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Thomas Jonathan Jackson

Thomas Jonathan Jackson, alias “Stonewall” is a Confederate general in the Civil War. The most famous Southern commander after General Robert E. Lee. He participated in the Shenandoah Valley campaign as corps commander of the Army of Northern Virginia in 1862 and in the battles of Bull Run, Antietam, and Fredericksburg. Military historians consider Jackson one of the more gifted leaders in U.S. history. 1)

Black Baron

Peter Wrangel owed his nickname “Black Baron” to his clothing and the fact that he was indeed a baron from an aristocratic family of Baltic Germans. He wore a black Cherokee - a Caucasian uniform. He was born into a family of descendants of Baltic barons of Swedish origin. He was one of the most talented commanders of the “whites” during the October Revolution. He captured, among other places, Tsaritsyn (later Stalingrad). He captured the city of Tsaritsyn (later Stalingrad) on June 20, 1919. At that time 70 cannons, 300 machine guns, and two armored trains, “Lenin” and “Trotsky”, were captured. He was the last commander of the whites and was defeated in November 1920. 2)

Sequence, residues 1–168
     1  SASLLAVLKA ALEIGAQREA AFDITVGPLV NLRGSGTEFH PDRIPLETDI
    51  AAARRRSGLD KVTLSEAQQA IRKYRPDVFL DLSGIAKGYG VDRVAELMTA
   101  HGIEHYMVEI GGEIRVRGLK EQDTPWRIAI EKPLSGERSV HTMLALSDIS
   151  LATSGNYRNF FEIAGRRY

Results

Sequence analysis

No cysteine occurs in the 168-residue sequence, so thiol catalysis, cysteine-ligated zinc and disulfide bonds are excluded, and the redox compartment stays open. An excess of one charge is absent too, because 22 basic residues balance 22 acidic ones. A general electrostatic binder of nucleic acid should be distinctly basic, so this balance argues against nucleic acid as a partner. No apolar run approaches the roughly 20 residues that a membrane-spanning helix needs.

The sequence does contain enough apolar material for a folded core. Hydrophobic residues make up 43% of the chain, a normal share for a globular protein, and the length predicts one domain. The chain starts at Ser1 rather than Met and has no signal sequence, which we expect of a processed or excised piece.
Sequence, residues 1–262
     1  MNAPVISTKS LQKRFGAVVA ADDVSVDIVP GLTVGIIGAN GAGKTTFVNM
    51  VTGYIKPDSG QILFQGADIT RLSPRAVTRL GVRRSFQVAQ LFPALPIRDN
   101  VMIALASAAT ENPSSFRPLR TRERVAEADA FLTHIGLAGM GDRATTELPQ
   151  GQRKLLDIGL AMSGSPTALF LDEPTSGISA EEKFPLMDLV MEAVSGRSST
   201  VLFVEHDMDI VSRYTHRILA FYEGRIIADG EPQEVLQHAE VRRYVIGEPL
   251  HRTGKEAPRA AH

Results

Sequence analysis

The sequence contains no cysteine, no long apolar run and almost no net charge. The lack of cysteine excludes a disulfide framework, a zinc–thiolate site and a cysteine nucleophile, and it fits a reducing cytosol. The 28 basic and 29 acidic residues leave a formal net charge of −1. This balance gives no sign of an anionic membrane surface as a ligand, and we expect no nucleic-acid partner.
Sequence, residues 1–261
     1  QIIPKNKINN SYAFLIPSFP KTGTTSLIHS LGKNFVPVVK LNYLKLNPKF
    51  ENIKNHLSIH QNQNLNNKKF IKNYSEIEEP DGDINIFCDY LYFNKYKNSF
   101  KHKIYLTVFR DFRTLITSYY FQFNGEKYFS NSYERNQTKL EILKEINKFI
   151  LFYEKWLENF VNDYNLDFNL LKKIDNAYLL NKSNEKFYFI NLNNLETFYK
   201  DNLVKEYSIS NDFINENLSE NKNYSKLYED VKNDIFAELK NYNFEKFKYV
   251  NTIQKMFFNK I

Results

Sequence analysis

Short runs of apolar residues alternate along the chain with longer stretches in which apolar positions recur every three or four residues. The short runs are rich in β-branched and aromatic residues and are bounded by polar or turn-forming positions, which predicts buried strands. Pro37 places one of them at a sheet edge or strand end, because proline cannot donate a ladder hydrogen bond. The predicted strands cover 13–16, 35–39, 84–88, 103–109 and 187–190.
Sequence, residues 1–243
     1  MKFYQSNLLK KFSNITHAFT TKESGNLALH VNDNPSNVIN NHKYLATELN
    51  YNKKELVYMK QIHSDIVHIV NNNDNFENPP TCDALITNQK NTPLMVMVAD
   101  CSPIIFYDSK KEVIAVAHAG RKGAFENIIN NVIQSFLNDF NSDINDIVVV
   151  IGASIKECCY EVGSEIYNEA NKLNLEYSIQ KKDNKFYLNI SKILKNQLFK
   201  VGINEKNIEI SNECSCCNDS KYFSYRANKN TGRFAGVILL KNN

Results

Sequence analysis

Sword of God

Khalid ibn al-Walid known as the “Sword of God” was an Arab leader of the Conquest period. Under his command Muslim armies after leaving Arabia conquered areas of present-day Iraq and Syria. 3)

Tariq ibn Ziyad

Tarik ibn Zijad was a Berber chieftain who, beginning in 711, conquered the territory of present-day Spain and began several centuries of Arab rule in that country. 4)

Manstein Plan

The Sickle Cut was a maneuver to drive a large number of armored vehicles through the Ardennes Forest in order to cut off French and British troops stationed in the Benelux. It was proposed by Erich von Manstein, later Field Marshal of the Third Reich (hence the plan became known as the “Manstein Plan”), and was instrumental in Germany's rapid victory in the First Battle of France. 5)

generals.txt · Last modified: 2021/09/16 04:24 by aga